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Faster, higher, stronger? Olympics yes, economy no

By David Blanchflower

Published 14/08/2012

The Olympics deflected attention away from the recession
The Olympics deflected attention away from the recession

What a contrast between the upbeat and exciting news on the Olympics and the downbeat news on the economy.

Great Britain and Northern Ireland ranks third in the medal table. But that good news is tempered by the fact that, in terms of economic performance, the UK is doing disastrously in the economic medal rankings. If we just add up GDP growth in the last eight quarters for which we have data, the UK ranks 31st out of 34 OECD countries, below Ireland (29th) and Spain (30th).

The trade figures for June were pretty bad, with the trade deficit the largest since comparable records began in 1997.

Data releases from Germany last week showed declines in manufacturing orders, industrial output, imports and exports. Chinese exports in July rose just 1% from a year earlier, undershooting forecasts by a big margin.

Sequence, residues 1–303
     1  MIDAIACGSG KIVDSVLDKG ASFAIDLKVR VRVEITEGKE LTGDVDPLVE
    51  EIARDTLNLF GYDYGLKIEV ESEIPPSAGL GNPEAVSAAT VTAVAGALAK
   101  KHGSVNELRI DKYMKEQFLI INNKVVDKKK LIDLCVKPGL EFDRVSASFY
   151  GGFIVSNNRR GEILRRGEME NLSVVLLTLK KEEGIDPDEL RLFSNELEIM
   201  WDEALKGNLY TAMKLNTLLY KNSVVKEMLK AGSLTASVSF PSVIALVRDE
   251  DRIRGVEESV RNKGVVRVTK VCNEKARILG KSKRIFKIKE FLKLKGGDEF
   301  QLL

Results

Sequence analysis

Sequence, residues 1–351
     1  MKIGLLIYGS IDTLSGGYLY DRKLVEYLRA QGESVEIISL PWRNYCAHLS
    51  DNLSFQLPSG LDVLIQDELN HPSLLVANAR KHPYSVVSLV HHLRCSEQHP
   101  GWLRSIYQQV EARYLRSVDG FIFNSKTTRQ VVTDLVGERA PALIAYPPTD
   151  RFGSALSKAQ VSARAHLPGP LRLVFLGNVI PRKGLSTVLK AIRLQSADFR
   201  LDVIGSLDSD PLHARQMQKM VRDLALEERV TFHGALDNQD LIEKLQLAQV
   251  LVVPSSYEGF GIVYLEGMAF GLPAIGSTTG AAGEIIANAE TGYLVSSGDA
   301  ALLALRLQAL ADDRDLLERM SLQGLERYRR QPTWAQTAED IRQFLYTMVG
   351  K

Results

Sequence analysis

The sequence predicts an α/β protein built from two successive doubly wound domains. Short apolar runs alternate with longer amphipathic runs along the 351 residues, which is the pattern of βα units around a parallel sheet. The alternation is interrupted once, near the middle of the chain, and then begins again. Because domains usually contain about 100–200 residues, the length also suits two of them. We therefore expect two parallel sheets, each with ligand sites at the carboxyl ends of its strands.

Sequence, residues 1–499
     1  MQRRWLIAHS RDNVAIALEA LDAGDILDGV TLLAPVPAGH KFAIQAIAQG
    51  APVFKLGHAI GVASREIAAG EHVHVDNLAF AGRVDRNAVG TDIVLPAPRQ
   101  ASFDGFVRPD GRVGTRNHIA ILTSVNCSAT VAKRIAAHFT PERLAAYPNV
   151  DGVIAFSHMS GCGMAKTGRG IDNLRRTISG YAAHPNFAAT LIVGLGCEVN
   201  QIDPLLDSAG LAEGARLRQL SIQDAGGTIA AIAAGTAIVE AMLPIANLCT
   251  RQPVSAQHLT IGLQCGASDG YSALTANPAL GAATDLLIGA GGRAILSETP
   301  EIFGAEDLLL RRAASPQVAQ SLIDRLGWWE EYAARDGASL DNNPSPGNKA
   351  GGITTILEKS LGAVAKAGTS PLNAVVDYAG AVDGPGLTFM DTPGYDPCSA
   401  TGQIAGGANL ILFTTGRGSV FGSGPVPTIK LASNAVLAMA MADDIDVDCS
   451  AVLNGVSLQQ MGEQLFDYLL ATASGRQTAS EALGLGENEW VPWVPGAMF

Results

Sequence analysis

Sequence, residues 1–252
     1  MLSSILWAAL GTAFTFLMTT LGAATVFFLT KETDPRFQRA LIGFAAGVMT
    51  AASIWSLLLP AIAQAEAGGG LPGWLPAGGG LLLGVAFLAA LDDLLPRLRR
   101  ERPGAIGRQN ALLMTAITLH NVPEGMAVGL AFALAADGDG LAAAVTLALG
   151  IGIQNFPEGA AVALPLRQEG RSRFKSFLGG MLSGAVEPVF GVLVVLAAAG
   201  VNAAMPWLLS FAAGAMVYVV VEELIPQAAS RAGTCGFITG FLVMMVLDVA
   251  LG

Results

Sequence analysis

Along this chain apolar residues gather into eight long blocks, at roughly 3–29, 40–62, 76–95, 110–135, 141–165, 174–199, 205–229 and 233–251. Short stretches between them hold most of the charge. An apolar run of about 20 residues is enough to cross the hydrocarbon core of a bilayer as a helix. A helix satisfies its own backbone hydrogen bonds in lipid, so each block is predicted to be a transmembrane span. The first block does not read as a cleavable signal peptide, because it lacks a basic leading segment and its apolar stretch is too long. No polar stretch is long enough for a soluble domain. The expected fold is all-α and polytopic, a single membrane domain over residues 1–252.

Net trade is likely to continue to make a negative contribution to UK growth.

Nearly every sector of construction activity, from private to public and from housing to infrastructure, has shrunk considerably in the last year and overall, construction activity across the UK has contracted by 9.5% in a year.

Unsurprisingly there was all sorts of gloom and doom from the beleaguered Governor of the Bank of England at a press conference last week, where the MPC downgraded its growth forecast once again, to 0% for 2012 and around 1.7% in 2013.

"We got it wrong. Things are bad. And they're not getting much better anytime soon."

People running macro policy need be accountable; the buck stops at the top.

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